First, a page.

It’s been a whirlwind the past two weeks following the Supreme Court issuing it’s decision overturning Section 3 of DOMA — by now most have heard the rallying cry of “DOMA IS DEAD!” but now that the dust has settled the question arises as to what the ruling actually means for same-sex couples. Specifically, the Supreme Court struck down Section 3 of DOMA only — the Section that defined “marriage” as between a man and woman.
The take away from this decision is that married same-sex couples who live in a state that recognizes their marriage are now treated as married under federal law.
While this ruling does not make marriage legal for same-sex couples across the nation, it does result in various tax or estate planning privileges now being accessible and/or applicable for all couples, whether same-sex or heterosexual. This has far-reaching impacts on how same-sex married couples ought to approach tax and estate planning. While we are not tax experts, we do pratice estate planning law and encourage our clients to consider whether this ruling serves as a good reminder that it is time to re-assess their estate planning.
Cayce & Grove Caveat: Those couples in long-term, committed relationships that for one reason or another do not want to actually marry, still need to consider their rights and what legal avenues other than marriage will protect themselves and their partner — especially in times of crisis or health emergency. A simple Power of Attorney can be a solution providing peace of mind that your loved one will have access to you should you be in the hospital, and be able to assist in your care should you be unable to. This is relatively straight-forward, and provides great protection when properly selected and used.
JD Supra, a favorite website of ours around the office, posted the list below detailing how couples who fall within the Windsor class of married couples now enjoy the favorable federal transfer tax benefits afforded all married couples for wealth transfer planning, but also are subject to the restrictions applicable to planning for related parties:
Marital Deduction Planning. The federal gift and estate tax unlimited marital deductions are now available to these couples. Previously, gift and estate tax would have been imposed on the transfer of assets between the spouses as though they were unrelated persons. Assets can be transferred between them, outright or in trust, effectively deferring transfer tax to the death of the survivor.7 This allows the couple to rearrange ownership of assets to minimize transfer taxes, obtain creditor protection and plan appropriately for the survivor’s liquidity needs.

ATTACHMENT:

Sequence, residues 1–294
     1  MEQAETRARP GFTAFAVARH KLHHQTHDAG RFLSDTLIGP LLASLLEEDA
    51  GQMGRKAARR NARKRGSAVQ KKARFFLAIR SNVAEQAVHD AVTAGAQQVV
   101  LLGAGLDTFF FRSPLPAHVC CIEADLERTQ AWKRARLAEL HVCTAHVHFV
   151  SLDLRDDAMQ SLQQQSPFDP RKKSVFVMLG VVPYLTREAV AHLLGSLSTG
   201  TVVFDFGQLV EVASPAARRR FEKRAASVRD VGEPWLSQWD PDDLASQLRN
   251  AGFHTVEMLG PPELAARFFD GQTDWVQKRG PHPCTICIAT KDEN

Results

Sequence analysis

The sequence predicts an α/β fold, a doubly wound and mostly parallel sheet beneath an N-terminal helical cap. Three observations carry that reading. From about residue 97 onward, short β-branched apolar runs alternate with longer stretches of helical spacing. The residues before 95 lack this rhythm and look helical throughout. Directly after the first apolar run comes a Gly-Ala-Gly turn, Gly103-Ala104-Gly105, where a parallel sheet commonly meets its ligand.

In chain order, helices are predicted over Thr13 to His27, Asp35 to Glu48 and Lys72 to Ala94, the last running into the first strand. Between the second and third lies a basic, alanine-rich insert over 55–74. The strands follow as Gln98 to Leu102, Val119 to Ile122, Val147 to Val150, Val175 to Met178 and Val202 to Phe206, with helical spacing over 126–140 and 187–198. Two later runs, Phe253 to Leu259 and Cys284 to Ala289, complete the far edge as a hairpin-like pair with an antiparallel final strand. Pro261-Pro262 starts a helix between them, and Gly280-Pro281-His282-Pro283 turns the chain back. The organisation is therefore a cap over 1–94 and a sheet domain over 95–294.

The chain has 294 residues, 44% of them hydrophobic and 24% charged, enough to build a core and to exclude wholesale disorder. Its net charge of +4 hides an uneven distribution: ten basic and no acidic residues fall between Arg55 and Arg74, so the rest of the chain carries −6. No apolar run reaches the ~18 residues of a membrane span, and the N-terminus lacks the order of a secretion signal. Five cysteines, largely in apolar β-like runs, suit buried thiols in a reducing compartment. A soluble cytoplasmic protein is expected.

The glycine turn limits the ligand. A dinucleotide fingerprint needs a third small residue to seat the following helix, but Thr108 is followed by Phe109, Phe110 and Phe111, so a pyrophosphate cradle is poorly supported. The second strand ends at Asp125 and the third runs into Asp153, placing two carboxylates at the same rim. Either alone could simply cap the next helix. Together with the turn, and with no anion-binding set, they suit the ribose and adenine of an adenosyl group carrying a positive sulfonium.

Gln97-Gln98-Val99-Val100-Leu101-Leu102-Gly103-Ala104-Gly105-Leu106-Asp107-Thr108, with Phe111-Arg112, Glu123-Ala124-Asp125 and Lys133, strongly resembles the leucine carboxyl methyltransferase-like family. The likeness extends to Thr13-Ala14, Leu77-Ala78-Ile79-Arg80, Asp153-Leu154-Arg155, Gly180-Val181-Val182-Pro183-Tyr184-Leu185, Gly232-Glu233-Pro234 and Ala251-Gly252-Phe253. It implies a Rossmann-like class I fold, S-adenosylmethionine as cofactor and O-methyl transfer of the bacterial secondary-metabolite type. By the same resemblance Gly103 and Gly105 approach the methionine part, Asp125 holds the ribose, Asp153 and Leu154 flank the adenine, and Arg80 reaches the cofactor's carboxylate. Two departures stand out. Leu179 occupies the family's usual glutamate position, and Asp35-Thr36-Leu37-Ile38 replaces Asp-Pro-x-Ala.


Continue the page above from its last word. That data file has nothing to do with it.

Portability. Portability permits a surviving spouse to use the predeceasing spouse’s unused federal estate tax exclusion to make additional gifts tax-free or reduce the survivor’s estate taxes upon death.
Community Property Interests. Couples in community property states that recognize same-sex marriage (such as Washington) will now receive a full step-up in basis for income tax purposes on community assets at the first spouse’s death.
Disclaimers. A surviving spouse may disclaim certain property interests while retaining other interests in the same property, unlike other beneficiaries, who cannot retain any interest in disclaimed assets. Particularly with trust planning, disclaimers are a useful post-mortem planning tool.
Spousal Election. Prior to Windsor, a surviving spouse could take advantage of a state level right of election (a right to receive a share of the deceasing spouse’s property) in some states, but could not take advantage of the associated federal estate tax benefit from the marital deduction. After Windsor, the spousal election may provide appropriate planning for the surviving spouse without a potentially disastrous estate tax impact.
Insurance Planning. The availability of the marital deduction and portability may impact life insurance planning, as the burden of the estate tax can now be deferred until the surviving spouse’s death. Consequently, “second-to-die” policies may now be more appropriate than single life policies.
Lifetime Gifting. Windsor impacts couples who contemplate lifetime gifting. Married couples now may “split gifts” to third parties. Previously, if one spouse had significantly greater wealth, he or she was limited to the annual exclusion and unified credit, without the ability to use the spouse’s exclusions and credit.
Grantor Trust Planning. Irrevocable trusts that include the spouse as a beneficiary are treated as grantor trusts for income tax purposes, with the result that the donor continues to be legally responsible for the income recognized by the trust. The donor’s payment of taxes is a tax-free gift, as trust assets are not diminished by income taxes, nor are the beneficiaries burdened by the tax. AfterWindsor, there are additional opportunities for planning with grantor trusts for same-sex married couples. Conversely, those who have already created irrevocable trusts naming a spouse as trustee or as a beneficiary should confirm that grantor trust status is not inadvertently created because ofWindsor.
Previous Planning with Techniques Not Available to Related Parties. Prior to Windsor, same-sex couples could take advantage of estate planning techniques not available to couples treated as married for federal tax purposes. Popular techniques to transfer wealth included residence trusts, common law GRITs, loans without adequate interest and shareholder agreements that did not comport with the requirements of §2703. These techniques should no longer be used for couples who fall within the Windsor decision. For domestic partners and married persons living in a state that does not recognize their union, these techniques should not be used until further guidance is received from IRS.
The original article in full as published on JD Supra, please click here.